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Carnot cycle

  1. Mar 29, 2013 #1
    Hallo,

    I read about thr Carnot-Cycle and got a problem.

    A->B: isothermal
    B->C: adiabatic
    C->D: isothermal
    D->A: adiabatic


    I want to understand how to calculate the work done in the isothermal processes.
    I have read:

    [itex]
    W_{AB}= T_{H}Nk\ln{(\frac{V_{A}}{V_{\text{B}}})}\\

    W_{CD}= -T_{n}Nk\ln{(\frac{V_{A}}{V_{\text{B}}})}
    [/itex]

    But if i callculate i get:
    [itex]
    W_{CD}= -T_{n}Nk\ln{(\frac{V_{D}}{V_{C}})}
    [/itex]

    So the question is, why is:
    [itex]
    (\frac{V_{A}}{V_{\text{B}}}) = (\frac{V_{D}}{V_{C}})
    [/itex] ?

    Thx
    Abbigale :wink:
     
  2. jcsd
  3. Mar 29, 2013 #2

    Simon Bridge

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    Last edited: Mar 29, 2013
  4. Mar 29, 2013 #3

    Andrew Mason

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    Abigale,

    From the first law we know that ΔU + W = Q where W is the work done BY the gas. But since ΔU = 0 in one complete cycle, W = Q = heat flow in from hot register - heat flow out to cold register = |Qh| - |Qc|. Heat flow occurs only from A-B and C-D, so the difference in these heat flows is the work done for the entire cycle. That means the work done in the adiabatic parts nets out to 0.

    The efficiency is:

    [tex]\eta = 1 - \frac{|Q_c|}{|Q_h|} = 1 - \frac{T_cNk\ln\left(\frac{V_D}{V_C}\right)}{T_hNk\ln\left(\frac{V_A}{V_B}\right)}[/tex]

    But we also know that for a Carnot cycle:

    ΔS = Qh/Th + Qc/Th = 0 so |Qc/Qh| = Tc/Th

    This necessarily means that [itex](\frac{V_{A}}{V_{\text{B}}}) = (\frac{V_{D}}{V_{C}})
    [/itex]

    AM
     
  5. Mar 30, 2013 #4
    Hey,
    but is it possible to schow the Relation, just by looking at the pv-diagram?
     
  6. Mar 30, 2013 #5

    Andrew Mason

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    Yes, if the PV graph showed the scale.

    AM
     
  7. Mar 31, 2013 #6

    Philip Wood

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    The equations you give for isothermal work are for an ideal gas.

    Since we're dealing with an ideal gas we can use the adiabatic equations for an ideal gas, for BC and DA.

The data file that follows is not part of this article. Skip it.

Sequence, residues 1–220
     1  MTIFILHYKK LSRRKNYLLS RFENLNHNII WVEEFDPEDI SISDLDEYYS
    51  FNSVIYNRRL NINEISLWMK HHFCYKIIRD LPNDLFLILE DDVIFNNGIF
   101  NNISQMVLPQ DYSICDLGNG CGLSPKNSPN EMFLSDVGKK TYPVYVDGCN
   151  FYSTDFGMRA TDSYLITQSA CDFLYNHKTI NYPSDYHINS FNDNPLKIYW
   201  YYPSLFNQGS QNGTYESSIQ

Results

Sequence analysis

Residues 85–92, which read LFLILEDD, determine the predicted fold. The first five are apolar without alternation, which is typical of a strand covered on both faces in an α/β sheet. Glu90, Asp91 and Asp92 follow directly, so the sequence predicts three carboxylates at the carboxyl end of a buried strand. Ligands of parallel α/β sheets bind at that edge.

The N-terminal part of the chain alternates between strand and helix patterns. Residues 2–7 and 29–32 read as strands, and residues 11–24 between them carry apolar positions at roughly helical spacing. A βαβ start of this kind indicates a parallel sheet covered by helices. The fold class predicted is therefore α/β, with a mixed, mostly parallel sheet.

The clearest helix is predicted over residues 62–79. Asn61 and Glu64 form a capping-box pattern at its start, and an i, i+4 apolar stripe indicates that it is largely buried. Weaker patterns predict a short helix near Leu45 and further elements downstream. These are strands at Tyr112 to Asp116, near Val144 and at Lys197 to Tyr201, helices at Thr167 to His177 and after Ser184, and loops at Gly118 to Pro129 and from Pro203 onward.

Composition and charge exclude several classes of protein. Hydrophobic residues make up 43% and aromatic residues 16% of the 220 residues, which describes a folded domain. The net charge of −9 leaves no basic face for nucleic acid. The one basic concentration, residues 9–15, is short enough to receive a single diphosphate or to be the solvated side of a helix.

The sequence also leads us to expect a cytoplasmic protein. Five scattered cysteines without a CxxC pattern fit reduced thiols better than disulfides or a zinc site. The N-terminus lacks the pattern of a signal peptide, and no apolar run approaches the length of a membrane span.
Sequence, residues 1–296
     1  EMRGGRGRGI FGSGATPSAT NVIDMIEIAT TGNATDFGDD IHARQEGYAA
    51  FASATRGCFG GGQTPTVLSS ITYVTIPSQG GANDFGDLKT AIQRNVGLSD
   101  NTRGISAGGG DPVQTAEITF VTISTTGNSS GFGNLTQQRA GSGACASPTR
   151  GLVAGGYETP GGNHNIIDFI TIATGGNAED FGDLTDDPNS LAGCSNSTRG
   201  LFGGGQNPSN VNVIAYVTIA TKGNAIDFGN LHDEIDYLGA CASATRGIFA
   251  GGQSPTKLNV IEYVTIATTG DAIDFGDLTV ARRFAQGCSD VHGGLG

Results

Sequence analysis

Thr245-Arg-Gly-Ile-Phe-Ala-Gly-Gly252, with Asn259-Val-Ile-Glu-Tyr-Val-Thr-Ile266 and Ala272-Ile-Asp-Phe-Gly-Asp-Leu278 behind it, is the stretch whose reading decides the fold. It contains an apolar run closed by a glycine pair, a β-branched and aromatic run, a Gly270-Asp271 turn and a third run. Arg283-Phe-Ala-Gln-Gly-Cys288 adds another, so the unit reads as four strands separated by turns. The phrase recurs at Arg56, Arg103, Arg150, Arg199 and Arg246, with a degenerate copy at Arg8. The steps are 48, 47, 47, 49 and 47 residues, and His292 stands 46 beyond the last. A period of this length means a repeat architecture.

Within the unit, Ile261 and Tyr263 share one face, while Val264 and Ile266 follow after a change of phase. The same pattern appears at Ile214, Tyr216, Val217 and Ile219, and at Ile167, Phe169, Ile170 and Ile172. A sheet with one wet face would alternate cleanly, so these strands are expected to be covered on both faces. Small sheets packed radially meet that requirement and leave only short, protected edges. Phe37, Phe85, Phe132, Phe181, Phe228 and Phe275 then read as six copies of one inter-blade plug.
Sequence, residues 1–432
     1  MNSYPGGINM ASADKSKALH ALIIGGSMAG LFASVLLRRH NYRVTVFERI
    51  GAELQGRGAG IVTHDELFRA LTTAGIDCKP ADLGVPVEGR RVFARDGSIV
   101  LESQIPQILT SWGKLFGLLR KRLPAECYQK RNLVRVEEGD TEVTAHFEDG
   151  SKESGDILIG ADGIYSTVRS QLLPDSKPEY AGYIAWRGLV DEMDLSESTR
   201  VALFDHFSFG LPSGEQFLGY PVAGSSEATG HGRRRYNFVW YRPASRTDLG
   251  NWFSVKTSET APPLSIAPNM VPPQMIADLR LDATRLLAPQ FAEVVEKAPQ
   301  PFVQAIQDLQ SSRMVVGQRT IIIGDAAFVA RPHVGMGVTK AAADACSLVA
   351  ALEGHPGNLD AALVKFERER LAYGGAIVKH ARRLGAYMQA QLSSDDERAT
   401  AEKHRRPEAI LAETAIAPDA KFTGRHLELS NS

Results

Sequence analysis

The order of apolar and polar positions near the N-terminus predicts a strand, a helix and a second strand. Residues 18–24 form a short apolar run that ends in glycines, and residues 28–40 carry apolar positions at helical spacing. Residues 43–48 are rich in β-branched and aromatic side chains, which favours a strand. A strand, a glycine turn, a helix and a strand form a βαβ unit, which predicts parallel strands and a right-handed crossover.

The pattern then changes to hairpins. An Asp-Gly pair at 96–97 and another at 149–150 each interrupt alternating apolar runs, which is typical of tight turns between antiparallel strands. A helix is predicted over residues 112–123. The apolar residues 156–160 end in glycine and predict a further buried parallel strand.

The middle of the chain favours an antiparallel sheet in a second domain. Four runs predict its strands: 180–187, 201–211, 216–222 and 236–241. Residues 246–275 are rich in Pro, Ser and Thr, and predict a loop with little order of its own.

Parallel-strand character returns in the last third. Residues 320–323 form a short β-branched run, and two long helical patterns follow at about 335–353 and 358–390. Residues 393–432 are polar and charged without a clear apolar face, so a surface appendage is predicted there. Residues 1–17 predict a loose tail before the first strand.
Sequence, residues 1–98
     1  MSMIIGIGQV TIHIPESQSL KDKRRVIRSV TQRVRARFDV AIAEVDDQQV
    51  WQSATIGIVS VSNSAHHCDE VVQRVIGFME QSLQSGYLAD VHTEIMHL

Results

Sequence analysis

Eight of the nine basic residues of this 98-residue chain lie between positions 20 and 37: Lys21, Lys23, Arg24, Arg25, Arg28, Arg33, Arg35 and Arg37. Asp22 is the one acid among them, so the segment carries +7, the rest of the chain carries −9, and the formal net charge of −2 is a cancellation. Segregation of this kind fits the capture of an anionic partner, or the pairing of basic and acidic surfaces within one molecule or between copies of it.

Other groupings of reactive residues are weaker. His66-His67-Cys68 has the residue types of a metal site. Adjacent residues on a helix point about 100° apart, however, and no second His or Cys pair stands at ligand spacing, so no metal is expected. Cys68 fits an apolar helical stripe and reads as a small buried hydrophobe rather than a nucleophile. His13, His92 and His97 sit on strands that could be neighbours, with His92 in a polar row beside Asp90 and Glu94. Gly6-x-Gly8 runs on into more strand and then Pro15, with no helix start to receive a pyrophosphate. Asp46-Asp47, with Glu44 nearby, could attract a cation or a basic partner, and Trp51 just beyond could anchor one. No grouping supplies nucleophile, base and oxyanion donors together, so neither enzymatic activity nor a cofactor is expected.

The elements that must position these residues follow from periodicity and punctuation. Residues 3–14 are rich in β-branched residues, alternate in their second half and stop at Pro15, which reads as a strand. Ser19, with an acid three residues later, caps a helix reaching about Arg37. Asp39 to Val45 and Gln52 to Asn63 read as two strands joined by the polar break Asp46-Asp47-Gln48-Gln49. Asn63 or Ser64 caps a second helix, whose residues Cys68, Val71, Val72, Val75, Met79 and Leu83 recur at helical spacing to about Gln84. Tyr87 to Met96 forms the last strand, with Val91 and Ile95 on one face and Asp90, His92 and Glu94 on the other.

So [itex]p_B V_B^{\gamma} = p_C V_C^{\gamma}[/itex]

    and [itex]p_A V_A^{\gamma} = p_D V_D^{\gamma} [/itex]

    dividing: [itex] \frac{p_B}{p_A} \frac{V_B^{\gamma}}{V_A^{\gamma}} = \frac{p_C}{p_D} \frac{V_C^{\gamma}} {V_D^{\gamma}}[/itex]

    But for the isothermals: [itex]\frac{p_B}{p_A} = \frac{V_A}{V_B}[/itex] and [itex]\frac{p_C}{p_D} = \frac{V_D}{V_C}.[/itex]

    We can now eliminate the pressure ratios from the previous equation, giving...

    [itex] \frac{V_B^{\gamma - 1}}{V_A^{\gamma - 1}} = \frac{V_C^{\gamma - 1}} {V_D^{\gamma - 1}}[/itex]

    So [itex] \frac{V_B}{V_A} = \frac{V_C} {V_D}[/itex]
     
  8. Mar 31, 2013 #7

    Andrew Mason

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    It might be easier to use the adiabatic condition in terms of temperature and volume:

    [itex]TV^{\gamma - 1} = K[/itex] from which it is apparent that adiabatic paths between the same two temperatures result in the same proportional changes in volume.

    AM
     
  9. Apr 1, 2013 #8

    Philip Wood

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    Much neater – if you can remember TVγ-1 = K. [Though, I suppose TVanything = K would suffice!]

    We've got to be careful of the logic here. OP's argument leads to [itex]\left| \frac{Q_{AB}}{Q_{CD}} \right| = \frac{T_{AB}}{T_{CD}}[/itex]. The temperatures which appear in this equation are (in my interpretation of the above argument) ideal gas scale temperatures, effectively defined by pV = nRT. But the Second Law leads to a definition of thermodynamic temperature based on Carnot cycles for any working substance (not just an ideal gas) that is essentially [itex]\frac{T_{AB}}{T_{CD}} = \left| \frac{Q_{AB}}{Q_{CD}} \right| [/itex]. Hence the OP's argument shows the equivalence of the thermodynamic scale and the ideal gas scale.
     
    Last edited: Apr 1, 2013
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